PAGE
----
4Akram M, Afzal A, Khan U, Abdul H, Mohiuddin E, Asif M. Curcuma longa and curcumin: A review article. Rom J Biol Plant Biol 2010;55:65-70.
5Dossa K, Diouf D, Wang L, Wei X, Zhang Y, Niang M, et al. The emerging oilseed crop Sesamum indicum enters the “Omics” era. Front Plant Sci 2017;8:1154.
6Srivastava B, Sharma H, Dey YN, Wanjari MM, Jadhav AD. Alhagi pseudalhagi: A review of its phyto-chemistry, pharmacology, folklore claims and Ayurvedic studies. Int J Herb Med 2014;2:47-51.
7Senguttuvan J, Paulsamy S, Karthika K. Phytochemical analysis and evaluation of leaf and root parts of the medicinal herb, Hypochaeris radicata L. for in vitro antioxidant activities. Asian Pac J Trop Biomed 2014;4:S359-67.
8Saklani S, Kothiyal S. In vitro antimicrobial activity nutritional profile of medicinal plant of Garhwal, Himalaya. Int J Pharm Sci Res 2012;3:268-72.
9Xue Y, Liu Y, Xie Y, Cong C, Wang G, An L, et al. Antioxidant activity and mechanism of dihydrochalcone C-glycosides: Effects of C-glycosylation and hydroxyl groups. Phytochemistry 2020;179:112393.
10Chlopicka J, Pasko P, Gorinstein S, Jedryas A, Zagrodzki P. Total phenolic and total flavonoid content, antioxidant activity and sensory evaluation of pseudocereal breads. LWT Food Sci Technol 2012;46:548-55.
11de Almeida TM, von Poser GL, Müller LG, Pereira PR, Cassel E, Vargas RM, et al. Oral acute and repeated-doses toxicity study of valepotriates from Valeriana glechomifolia (Meyer) in Mice. Curr Drug Discov Technol 2019;16:96-103.
12Murjan S, Al Laham S, Atieh R. Gastroprotective efficacy of folic acid and omeprazole in indomethacin-induced gastropathy in rats. Int J Pharm Phytochem Res 2013;5:113-9.
13Mekonnen AN, Asrade Atnafie S, Wahab Atta MA. Evaluation of antiulcer activity of 80% methanol extract and solvent fractions of the root of Croton macrostachyus Hocsht: Ex Del. (Euphorbiaceae) in rodents. Evid Based Complement Alternat Med 2020;2020:2809270.
14Sahoo SK, Sahoo HB, Priyadarshini D, Soundarya G, Kumar CK, Rani KU. Antiulcer activity of ethanolic extract of Salvadora indica (W.) leaves on albino rats. J Clin Diagn Res 2016;10:FF07-10.
15Sabiu S, Garuba T, Sunmonu T, Ajani E, Sulyman A, Nurain I, et al. Indomethacin-induced gastric ulceration in rats: Protective roles of Spondias mombin and Ficus exasperata. Toxicol Rep 2015;2:261-7.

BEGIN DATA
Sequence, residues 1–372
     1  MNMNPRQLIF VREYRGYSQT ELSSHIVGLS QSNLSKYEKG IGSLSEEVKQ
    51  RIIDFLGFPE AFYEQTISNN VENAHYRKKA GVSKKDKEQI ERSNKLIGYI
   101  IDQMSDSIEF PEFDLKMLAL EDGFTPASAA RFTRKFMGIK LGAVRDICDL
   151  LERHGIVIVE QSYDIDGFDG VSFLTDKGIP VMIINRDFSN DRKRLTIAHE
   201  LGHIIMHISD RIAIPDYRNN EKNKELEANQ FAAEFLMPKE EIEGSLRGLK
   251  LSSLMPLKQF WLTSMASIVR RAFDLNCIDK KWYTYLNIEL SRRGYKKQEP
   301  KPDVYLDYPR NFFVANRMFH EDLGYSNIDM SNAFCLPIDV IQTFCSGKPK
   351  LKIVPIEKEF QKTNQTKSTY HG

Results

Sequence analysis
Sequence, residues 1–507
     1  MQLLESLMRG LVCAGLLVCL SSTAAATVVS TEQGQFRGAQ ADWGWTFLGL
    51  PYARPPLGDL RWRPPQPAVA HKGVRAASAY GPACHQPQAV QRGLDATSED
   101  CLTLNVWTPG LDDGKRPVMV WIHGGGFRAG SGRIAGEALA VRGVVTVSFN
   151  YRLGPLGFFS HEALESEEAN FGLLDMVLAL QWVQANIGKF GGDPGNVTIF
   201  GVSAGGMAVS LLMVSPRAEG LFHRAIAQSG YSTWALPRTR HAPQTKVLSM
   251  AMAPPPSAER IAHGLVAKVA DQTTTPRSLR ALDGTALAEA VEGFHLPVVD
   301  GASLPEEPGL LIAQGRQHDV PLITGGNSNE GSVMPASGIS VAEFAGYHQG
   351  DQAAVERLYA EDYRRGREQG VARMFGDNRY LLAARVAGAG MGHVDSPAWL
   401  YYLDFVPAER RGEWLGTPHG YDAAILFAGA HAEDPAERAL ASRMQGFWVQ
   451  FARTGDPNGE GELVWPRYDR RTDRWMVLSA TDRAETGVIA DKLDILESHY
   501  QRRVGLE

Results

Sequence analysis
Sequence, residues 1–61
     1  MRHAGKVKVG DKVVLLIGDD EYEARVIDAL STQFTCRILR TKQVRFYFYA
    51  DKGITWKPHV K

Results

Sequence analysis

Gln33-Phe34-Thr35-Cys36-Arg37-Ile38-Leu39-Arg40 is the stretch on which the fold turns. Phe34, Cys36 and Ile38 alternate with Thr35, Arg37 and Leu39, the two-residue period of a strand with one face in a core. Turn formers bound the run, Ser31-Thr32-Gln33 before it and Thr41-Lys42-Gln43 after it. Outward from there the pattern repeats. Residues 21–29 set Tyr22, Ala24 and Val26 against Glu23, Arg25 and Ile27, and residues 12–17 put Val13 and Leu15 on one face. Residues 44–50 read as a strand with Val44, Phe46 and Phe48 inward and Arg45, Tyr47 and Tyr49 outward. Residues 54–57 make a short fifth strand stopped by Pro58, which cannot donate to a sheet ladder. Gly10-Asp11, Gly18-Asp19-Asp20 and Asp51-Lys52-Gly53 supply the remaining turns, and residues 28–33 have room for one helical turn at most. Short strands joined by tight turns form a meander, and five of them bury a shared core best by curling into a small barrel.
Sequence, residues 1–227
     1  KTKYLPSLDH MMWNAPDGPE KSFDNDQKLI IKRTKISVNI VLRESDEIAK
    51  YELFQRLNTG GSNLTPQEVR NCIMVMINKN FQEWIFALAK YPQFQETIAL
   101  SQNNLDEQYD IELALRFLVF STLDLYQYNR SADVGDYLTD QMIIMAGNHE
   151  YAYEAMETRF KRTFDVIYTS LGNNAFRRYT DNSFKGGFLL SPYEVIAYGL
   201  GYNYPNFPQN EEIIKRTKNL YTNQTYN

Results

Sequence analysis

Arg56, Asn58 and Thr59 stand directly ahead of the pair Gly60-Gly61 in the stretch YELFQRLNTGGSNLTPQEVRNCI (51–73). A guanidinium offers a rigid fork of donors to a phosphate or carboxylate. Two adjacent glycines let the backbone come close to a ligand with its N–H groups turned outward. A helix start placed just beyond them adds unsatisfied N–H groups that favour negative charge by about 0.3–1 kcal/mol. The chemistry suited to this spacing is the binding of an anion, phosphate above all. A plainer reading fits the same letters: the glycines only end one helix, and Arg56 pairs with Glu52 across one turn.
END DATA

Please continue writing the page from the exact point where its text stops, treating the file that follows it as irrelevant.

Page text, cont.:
16Shivam, Sachan N, Chandra P. Pharmacological screening techniques for evaluation of gastric ulcers: Principles, mechanism and procedures. Int J Pharm Sci Rev Res 2020;65:224-32.
17Patra CR, Abdel Moneim SS, Wang E, Dutta S, Patra S, Eshed M, et al. In vivo toxicity studies of europium hydroxide nanorods in mice. Toxicol Appl Pharmacol 2009;240:88-98.
18Sujana KA, Bhattacharjee A, Agrawala DK, Bandyopadhyay S. Miscellaneous notes on Bauhinia phoenicea (Fabaceae: Caesalpinioideae). Int J Innov Res Rev 2015;3:58-61.
19Saxena A, Middha A, Saxena V, Mishra P. Evaluation of antiulcer activity of different extracts of Clitoria ternatea leaves on experimental animals. UK J Pharm Biosci 2016;4:60.
20De Sales IR, Formiga RO, Machado FD, Nascimento RF, Pessoa MM, Barros ME, et al. Cytoprotective, antioxidant and anti-inflammatory mechanism related to antiulcer activity of Cissampelos sympodialis Eichl. in animal models. J Ethnopharmacol 2018;222:190-200.
21Inas ZAA, Hala AHK, Gehan HH. Gastroprotective effect of Cordia myxa L. fruit extract against indomethacin-induced gastric ulceration in rats. Life Sci J 2011;8:433-45.
22Ozbakiş Dengiz G, Gürsan N. Effects of Momordica charantia L. (Cucurbitaceae) on indomethacin-induced ulcer model in rats. Turk J Gastroenterol 2005;16:85-8.
23Sakat S, Juvekar A. Antiulcer activity of methanol extract of Erythrina indica Lam. leaves in experimental animals. Pharmacogn Res 2009;1:396-401.
24Ramanathan T. Phytochemical characterization and antimicrobial efficiency of mangrove plants Avicennia marina and Avicennia officinalis. Int J Pharm Biol Arch 2012;3:348-51.